Thursday, September 21, 2017

The biggest challenge to having a fulfilling creative life is mental clutter that keeps you from being fully present in your creative process. The last two months have for me been pretty much all clutter nearly all the time. Some of this is simply seasonal--summer home improvement projects, back to school shopping, meetings, schedule changes--but a large part of it has been the cumulative effect of poor planning and habits.

In the spirit of the twelve step groups, I admit I have a problem and need change. Specifically, I need to make mental and emotional space in my life to create again.

Of course, identifying the problem is just an early step. Next comes seeking solutions. So today I share some resources I've encountered that look to be pretty useful for overcoming my particular issues, because I suspect others will find them equally helpful

Attention splatter


I first encountered the concept of "attention splatter" through a blogging buddy who had linked an article by Christine Kane, a business coach.

She likens divided attention to a snacking/grazing approach to eating. You repeatedly open the fridge and grab a snack or two, over and over, but never have an actual meal. Along the way, you never, ever feel full, because you haven't truly fed yourself.

Bopping from one thing to another, especially giving little bits of attention to many things spread across hours will have a similar result. You end up feeling unsatisfied, like the day was wasted.

Working to your fullest potential, she argues, requires focused attention on the task at hand. Why?

Your attention ultimately feeds you. It feeds your heart and it feeds your mind. This is why it’s so important to notice what you give your attention to. This is also why splattered attention leaves you feeling strung out and unfulfilled. You never actually feed yourself.   ~Christine Kane

It's very easy to get distracted in our noisy world, but especially so if you are a woman with a family who expects you to carry a lion's share of the "mental load" of running a household. The creative tasks that feed you--writing and honing your fiction--can be pushed to the margins.

Kane recommends first identifying key sources of "splatter"--places where you get diverted by choice or circumstance.

Some common culprits:
~e-mail
~social media
~cell phones
~clutter/household messes
~YouTube
~TV
~magazines and newspapers
~video and phone games
~random Google searches
~obsession with metrics and stats
~calendar maintenance

Once you've figured out what things are stealing your hours a few minutes at a time, you need to eliminate them or  schedule them in discrete blocks. For example, if you check e-mail constantly all day, it will gobble up all your time. Instead, plan to deal with e-mail at certain times of day only for short periods, for example from 8:30 - 9:00. 1:00 - 1:30 and 4:20 - 4:50.

Another way to deal with splattering activities is to leverage small windows of time. Say you have 40 minutes before you need to pick up the kids from school. You might be tempted to poke around aimlessly on social media. Instead, tackle a few specific tasks, such as paying some bills and tidying high-traffic areas of your house.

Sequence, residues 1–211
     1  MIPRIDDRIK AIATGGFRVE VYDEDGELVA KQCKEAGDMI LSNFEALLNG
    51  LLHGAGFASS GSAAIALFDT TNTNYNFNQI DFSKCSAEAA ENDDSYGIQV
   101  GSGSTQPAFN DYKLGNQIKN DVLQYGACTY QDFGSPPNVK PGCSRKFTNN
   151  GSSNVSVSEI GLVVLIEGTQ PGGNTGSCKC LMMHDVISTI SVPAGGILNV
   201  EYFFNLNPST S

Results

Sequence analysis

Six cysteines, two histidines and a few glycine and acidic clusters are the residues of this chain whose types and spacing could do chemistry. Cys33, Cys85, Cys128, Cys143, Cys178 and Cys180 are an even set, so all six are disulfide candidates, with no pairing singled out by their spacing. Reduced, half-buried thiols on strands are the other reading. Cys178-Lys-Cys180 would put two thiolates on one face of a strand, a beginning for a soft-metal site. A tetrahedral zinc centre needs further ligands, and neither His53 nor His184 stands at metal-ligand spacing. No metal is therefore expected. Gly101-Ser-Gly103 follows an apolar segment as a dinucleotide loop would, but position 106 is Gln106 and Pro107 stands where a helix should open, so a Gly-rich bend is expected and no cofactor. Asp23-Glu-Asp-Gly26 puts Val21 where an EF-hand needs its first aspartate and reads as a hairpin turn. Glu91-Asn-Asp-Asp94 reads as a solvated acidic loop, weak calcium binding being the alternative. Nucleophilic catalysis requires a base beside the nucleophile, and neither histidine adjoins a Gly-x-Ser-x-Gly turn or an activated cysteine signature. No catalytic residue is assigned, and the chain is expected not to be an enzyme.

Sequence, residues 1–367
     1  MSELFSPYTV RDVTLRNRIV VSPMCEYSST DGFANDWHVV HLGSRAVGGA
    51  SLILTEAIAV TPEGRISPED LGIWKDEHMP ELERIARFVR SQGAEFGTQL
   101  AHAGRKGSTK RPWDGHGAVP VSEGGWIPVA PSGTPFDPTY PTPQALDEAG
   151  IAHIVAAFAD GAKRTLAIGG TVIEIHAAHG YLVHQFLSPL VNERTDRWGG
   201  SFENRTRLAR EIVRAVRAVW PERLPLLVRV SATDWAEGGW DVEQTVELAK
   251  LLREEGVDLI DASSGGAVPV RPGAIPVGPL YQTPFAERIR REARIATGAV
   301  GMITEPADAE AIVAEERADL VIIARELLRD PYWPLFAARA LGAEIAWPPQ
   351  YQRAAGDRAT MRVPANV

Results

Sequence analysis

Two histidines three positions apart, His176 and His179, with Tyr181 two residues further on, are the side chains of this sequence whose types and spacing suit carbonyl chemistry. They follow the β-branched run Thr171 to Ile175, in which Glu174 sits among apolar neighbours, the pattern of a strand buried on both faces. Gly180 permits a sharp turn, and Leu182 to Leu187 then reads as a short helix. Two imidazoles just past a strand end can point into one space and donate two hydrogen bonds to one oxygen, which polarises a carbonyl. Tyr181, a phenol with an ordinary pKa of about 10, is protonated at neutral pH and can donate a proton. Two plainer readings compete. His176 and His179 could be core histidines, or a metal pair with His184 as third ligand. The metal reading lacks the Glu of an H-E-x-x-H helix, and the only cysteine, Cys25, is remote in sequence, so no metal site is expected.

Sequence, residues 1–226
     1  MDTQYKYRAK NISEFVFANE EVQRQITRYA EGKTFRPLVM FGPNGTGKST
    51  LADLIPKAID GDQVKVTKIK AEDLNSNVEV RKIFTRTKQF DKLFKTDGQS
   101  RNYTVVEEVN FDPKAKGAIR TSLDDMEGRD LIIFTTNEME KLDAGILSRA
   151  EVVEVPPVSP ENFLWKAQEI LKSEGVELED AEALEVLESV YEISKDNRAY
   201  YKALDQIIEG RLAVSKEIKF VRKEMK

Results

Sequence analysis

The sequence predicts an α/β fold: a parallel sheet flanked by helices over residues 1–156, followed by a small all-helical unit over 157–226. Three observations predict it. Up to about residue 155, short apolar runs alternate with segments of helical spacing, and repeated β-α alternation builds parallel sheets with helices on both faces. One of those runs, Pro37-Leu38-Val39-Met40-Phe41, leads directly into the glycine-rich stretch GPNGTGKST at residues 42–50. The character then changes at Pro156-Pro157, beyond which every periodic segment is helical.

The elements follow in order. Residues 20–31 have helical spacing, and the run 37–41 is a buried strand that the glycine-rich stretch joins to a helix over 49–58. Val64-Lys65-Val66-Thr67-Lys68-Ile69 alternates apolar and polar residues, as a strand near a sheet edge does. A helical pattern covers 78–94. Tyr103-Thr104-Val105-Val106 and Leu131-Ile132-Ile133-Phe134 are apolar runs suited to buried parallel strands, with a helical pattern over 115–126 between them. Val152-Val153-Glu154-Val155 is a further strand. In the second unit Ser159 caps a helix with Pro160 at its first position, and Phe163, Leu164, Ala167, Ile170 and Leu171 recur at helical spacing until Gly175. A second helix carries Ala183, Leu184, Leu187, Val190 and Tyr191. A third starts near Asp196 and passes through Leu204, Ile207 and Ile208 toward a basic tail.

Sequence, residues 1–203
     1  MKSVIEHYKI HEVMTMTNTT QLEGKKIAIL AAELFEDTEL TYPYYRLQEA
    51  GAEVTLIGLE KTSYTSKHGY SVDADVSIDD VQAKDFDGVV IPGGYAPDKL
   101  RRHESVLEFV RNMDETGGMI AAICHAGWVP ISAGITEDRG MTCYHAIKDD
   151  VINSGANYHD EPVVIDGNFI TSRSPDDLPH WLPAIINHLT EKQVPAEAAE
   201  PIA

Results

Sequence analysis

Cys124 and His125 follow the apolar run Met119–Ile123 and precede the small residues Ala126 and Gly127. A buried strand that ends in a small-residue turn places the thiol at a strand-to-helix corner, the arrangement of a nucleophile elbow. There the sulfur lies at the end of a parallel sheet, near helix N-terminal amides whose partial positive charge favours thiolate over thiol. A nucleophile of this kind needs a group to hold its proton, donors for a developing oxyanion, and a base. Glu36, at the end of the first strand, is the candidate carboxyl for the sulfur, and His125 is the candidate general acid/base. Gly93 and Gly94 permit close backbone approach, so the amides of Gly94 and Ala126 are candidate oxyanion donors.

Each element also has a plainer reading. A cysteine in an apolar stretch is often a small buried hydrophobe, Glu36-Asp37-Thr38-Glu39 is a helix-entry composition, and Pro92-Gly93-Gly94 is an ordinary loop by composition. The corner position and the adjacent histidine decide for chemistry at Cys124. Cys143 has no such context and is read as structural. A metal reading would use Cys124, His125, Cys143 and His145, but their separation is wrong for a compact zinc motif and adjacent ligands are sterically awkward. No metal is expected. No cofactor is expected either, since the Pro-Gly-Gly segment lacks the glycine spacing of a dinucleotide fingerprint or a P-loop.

Side note: if household clutter is your biggest foe to creativity, I recommend you check out the advice and tools available from FlyLady. She has lots of great ideas to get your home in shape using leveraged time in small, discrete blocks you schedule.

Plan your larger blocks. Try to be as specific as you can about what you want to work on. Rather than simply "write something today," you might instead plan to "write scenes two and three in chapter eight." Or if revising, "review chapters 10-14 for craft concerns" (see my helpful three-tier revision review process HERE for more on this.)

During your work blocks, isolate yourself from distractions: turn off the WiFi, mute the phone, notify disruptive people that you will be unavailable during certain hours (call it a "work meeting"). Let phone calls got to voice mail and return the calls at a scheduled time. If distracting sub-tasks come to your attention during your work session, jot them down on a list, then let them go until later, to be scheduled for one of your windows for this type of task.

You might find it helpful to have an accountability partner to whom you report when you're working, then how you spent your work block. For example, tweet or text "I'm working on chapter 8 from noon to 3:30." Then at 3:35, "drafted 800 words, planned out scenes 4 and 5."

To reward your efforts further, create an "I did it" list. Each day, simply list what you accomplished. This will become an ongoing source of encouragement as you give attention to what you did, noticing finished projects, not merely unfinished ones.

When you have down time, be fully present to it. This is one of my big struggles--never really resting. If you need a nap, actually sleep, don't beta read, clean out your e-mail box, or have a phone conversation. Do those tasks in their planned slots.